Friday, October 26, 2007

'93 "Wild sheng"

Many thanks to Salsero for this tea.

More tasting notes for this tea can be found on these blogs:
Ancient Tea Horse Road
Another Tea Blog
Half Dipper

Opening the bag released a very strong spice cabinet smell. Salsero said that the tea has a strong spice flavor, but I wasn't expecting that much of a spice flavor. There was no aroma of aged sheng.

The dry leaves:

The first time brewing it, I used about 1/5 leaves, and very short infusions. The tea seemed a little weak, and mostly just had a slightly aged flavor. Because it seemed only slightly aged, I thought it was a dry stored tea. I didn't take pictures of the liquor, but it was fairly light in comparison to the liquor from the second round.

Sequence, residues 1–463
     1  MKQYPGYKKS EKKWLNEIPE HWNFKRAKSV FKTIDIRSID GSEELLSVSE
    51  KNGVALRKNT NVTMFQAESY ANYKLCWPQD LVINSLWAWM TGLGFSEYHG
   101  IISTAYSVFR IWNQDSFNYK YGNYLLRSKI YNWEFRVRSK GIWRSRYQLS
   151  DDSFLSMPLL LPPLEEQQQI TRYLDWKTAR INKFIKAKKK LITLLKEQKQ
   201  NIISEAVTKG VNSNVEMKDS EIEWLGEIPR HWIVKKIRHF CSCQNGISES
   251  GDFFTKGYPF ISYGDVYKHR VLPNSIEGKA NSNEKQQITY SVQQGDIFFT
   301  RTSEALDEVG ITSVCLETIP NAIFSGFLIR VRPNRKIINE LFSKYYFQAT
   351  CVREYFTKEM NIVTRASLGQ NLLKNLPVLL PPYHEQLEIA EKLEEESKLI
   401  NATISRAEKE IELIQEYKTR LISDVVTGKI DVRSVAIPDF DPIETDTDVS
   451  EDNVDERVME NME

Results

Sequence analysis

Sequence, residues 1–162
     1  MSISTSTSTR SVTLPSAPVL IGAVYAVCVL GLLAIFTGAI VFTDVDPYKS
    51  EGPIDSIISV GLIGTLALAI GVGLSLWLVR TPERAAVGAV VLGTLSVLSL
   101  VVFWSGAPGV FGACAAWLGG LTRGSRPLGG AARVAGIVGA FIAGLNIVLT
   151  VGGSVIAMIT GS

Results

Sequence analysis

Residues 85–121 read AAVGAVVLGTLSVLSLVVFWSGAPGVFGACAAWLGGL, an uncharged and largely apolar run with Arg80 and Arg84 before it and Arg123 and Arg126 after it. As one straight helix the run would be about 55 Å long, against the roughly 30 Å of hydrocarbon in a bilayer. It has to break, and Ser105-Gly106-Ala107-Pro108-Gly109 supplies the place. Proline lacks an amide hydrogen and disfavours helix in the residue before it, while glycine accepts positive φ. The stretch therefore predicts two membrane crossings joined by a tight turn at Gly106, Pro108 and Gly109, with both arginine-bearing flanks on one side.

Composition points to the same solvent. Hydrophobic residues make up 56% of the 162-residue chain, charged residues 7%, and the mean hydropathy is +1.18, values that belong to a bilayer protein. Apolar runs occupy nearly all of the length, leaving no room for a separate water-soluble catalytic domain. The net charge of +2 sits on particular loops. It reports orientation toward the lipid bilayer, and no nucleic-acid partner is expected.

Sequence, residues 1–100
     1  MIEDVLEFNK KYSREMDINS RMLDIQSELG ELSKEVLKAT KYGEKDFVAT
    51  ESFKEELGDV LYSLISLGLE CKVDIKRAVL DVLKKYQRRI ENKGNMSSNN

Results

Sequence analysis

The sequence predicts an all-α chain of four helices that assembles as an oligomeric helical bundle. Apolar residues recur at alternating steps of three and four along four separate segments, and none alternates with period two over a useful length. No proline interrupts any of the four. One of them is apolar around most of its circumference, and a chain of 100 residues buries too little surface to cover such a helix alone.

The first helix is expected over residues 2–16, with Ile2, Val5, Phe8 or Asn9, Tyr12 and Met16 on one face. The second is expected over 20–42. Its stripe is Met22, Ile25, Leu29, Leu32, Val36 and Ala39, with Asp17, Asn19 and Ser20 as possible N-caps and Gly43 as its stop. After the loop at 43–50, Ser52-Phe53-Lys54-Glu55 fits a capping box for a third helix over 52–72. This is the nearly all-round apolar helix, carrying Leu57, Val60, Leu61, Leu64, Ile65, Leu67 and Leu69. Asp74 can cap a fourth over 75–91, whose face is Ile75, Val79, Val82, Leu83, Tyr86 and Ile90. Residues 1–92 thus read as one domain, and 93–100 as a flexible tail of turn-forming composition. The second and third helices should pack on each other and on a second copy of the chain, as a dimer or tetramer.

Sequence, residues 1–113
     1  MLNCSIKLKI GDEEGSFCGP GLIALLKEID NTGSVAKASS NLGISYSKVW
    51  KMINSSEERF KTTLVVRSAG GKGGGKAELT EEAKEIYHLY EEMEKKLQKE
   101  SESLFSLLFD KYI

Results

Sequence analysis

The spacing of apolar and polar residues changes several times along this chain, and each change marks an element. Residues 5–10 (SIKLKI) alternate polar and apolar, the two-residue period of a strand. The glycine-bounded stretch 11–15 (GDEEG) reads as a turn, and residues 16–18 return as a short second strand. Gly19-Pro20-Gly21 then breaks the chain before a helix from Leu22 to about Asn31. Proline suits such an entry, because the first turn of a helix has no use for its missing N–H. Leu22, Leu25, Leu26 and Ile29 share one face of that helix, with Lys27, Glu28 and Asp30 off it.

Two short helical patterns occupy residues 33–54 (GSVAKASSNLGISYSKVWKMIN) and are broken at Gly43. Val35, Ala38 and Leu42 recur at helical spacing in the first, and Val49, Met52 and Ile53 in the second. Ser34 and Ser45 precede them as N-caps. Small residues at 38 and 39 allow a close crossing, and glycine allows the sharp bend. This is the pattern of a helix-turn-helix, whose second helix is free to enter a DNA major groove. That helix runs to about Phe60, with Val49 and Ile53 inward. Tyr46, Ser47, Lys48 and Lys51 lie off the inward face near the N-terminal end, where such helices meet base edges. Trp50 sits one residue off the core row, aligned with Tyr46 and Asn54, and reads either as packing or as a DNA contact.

The second time I brewed it, I used about 1/4 leaves, and used slightly longer infusions than the first time. Brewing it stronger seemed to make a completely different tea. The color of the liquor went from somewhat light in color, to almost completely black like shu. It tasted like it was a shu/liubao/sheng mix. It had a smooth malty and creamy shu flavor, the rough edge of liubao, and the woodiness of aged sheng. Some of the spice present in the aroma of the dry leaves came through this time.

The wet leaves:


Looks like a mix of brown and black leaves.

I still don't understand this tea. Where did the spice cabinet smell come from? Why did it taste like a dry stored tea the first time, then taste more like a shu the second?

Overall, I don't think it was the greatest aged sheng, but is enjoyable if thought of as more of a shu than a sheng.